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Title: Essays on distance metric learning
Author: Yang, Xiaochen
ISNI:       0000 0004 9359 9154
Awarding Body: UCL (University College London)
Current Institution: University College London (University of London)
Date of Award: 2020
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Many machine learning methods, such as the k-nearest neighbours algorithm, heavily depend on the distance measure between data points. As each task has its own notion of distance, distance metric learning has been proposed. It learns a distance metric to assign a small distance to semantically similar instances and a large distance to dissimilar instances by formulating an optimisation problem. While many loss functions and regularisation terms have been proposed to improve the discrimination and generalisation ability of the learned metric, the metric may be sensitive to a small perturbation in the input space. Moreover, these methods implicitly assume that features are numerical variables and labels are deterministic. However, categorical variables and probabilistic labels are common in real-world applications. This thesis develops three metric learning methods to enhance robustness against input perturbation and applicability for categorical variables and probabilistic labels. In Chapter 3, I identify that many existing methods maximise a margin in the feature space and such margin is insufficient to withstand perturbation in the input space. To address this issue, a new loss function is designed to penalise the input-space margin for being small and hence improve the robustness of the learned metric. In Chapter 4, I propose a metric learning method for categorical data. Classifying categorical data is difficult due to high feature ambiguity, and to this end, the technique of adversarial training is employed. Moreover, the generalisation bound of the proposed method is established, which informs the choice of the regularisation term. In Chapter 5, I adapt a classical probabilistic approach for metric learning to utilise information on probabilistic labels. The loss function is modified for training stability, and new evaluation criteria are suggested to assess the effectiveness of different methods. At the end of this thesis, two publications on hyperspectral target detection are appended as additional work during my PhD.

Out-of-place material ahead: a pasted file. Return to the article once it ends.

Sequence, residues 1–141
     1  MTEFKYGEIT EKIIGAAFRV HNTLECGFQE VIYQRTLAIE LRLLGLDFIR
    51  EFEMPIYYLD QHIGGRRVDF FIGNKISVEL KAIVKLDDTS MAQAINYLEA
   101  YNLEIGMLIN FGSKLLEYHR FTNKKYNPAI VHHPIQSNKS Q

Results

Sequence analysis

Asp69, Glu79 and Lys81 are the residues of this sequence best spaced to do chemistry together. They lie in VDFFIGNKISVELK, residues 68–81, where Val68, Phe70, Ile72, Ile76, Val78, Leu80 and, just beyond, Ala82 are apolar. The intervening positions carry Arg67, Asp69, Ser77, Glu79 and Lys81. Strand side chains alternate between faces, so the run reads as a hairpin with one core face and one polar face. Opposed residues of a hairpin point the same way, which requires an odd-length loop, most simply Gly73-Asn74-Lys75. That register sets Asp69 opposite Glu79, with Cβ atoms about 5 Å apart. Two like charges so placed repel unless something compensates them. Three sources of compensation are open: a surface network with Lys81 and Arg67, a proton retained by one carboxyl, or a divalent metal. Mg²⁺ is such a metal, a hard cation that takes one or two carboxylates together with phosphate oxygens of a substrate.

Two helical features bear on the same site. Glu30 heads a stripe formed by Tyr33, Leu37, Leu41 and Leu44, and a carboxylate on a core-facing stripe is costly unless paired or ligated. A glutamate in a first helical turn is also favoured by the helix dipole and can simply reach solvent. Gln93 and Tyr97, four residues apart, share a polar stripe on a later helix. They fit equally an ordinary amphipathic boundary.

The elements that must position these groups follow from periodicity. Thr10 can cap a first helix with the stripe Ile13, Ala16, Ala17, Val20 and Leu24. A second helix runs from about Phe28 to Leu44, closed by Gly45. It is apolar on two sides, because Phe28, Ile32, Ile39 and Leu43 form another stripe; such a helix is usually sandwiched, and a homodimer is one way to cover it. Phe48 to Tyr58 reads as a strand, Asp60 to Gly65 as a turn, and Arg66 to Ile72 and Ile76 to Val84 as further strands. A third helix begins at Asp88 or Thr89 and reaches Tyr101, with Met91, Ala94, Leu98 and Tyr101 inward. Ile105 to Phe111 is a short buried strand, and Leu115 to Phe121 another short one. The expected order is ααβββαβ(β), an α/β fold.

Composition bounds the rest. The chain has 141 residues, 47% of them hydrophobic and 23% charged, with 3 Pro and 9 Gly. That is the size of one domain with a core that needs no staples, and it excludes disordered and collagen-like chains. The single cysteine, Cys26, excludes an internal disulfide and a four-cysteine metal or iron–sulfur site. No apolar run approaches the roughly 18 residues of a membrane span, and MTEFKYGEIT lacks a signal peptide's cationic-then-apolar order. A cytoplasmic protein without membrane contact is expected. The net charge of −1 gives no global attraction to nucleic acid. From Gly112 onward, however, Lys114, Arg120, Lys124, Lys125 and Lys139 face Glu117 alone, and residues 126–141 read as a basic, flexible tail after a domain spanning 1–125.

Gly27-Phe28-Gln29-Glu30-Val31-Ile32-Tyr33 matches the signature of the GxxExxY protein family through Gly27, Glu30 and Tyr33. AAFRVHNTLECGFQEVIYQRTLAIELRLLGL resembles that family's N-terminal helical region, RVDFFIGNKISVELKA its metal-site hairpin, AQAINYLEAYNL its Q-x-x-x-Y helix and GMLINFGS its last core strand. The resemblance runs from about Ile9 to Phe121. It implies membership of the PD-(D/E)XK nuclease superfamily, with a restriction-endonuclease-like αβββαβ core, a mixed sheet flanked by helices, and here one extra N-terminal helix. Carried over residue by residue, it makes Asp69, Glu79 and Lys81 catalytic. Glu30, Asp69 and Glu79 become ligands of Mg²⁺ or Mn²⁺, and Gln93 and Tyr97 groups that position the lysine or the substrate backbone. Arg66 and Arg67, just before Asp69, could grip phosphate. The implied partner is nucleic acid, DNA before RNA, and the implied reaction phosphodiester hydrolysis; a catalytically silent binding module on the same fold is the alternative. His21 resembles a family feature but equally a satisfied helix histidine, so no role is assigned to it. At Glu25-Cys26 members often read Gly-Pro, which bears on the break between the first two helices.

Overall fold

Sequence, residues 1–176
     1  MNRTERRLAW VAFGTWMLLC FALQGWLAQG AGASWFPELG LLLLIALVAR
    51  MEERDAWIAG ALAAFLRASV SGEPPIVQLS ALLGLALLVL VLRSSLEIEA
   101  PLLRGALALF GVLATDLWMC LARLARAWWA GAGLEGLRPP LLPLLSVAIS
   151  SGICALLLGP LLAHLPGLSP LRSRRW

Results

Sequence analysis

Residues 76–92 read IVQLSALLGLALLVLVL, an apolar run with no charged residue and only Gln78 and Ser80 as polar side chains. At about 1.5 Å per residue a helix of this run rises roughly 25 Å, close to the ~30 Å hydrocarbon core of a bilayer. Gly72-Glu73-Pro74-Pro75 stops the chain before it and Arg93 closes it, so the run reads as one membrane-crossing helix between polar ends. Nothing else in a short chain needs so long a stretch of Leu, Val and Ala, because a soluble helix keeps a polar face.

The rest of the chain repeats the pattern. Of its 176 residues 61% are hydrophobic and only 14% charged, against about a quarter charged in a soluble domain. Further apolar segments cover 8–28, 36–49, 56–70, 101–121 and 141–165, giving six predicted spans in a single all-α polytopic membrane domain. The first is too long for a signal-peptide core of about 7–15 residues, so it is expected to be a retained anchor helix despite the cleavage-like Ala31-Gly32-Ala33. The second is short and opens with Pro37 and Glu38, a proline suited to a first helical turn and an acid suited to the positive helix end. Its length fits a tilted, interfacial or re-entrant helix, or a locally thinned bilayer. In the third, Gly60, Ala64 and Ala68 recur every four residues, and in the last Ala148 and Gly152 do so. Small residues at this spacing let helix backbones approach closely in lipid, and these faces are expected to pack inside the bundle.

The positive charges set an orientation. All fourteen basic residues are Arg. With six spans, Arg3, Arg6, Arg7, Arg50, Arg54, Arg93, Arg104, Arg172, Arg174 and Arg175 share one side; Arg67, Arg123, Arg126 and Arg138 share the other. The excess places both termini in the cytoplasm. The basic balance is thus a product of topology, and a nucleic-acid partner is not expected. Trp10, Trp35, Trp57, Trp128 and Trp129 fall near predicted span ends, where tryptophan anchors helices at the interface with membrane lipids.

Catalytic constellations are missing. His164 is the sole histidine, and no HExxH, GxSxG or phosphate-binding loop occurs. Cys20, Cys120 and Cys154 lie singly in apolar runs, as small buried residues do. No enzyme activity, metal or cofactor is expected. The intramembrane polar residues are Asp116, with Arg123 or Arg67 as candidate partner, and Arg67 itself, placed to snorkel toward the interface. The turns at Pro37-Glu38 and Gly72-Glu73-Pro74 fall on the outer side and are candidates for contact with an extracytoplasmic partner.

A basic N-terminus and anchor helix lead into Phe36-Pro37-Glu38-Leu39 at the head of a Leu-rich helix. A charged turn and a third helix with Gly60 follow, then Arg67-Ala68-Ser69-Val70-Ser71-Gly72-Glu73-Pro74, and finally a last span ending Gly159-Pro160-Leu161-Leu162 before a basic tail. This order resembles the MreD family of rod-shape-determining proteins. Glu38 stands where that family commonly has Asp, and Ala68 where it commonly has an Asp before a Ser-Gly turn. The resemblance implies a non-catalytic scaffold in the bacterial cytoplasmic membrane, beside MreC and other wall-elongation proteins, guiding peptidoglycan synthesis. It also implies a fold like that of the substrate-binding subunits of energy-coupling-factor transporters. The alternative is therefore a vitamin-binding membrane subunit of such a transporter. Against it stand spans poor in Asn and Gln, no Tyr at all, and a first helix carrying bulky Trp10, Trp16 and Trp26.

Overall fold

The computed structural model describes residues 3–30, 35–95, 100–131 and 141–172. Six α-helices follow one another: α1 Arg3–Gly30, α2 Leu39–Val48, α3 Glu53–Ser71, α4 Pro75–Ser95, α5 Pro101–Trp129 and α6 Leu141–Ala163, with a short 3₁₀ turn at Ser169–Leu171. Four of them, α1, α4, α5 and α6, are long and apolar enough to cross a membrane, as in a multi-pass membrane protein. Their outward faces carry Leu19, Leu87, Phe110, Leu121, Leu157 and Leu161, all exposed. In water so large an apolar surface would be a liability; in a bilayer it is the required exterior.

Supervisor: Not available Sponsor: Not available
Qualification Name: Thesis (Ph.D.) Qualification Level: Doctoral
EThOS ID:  DOI: Not available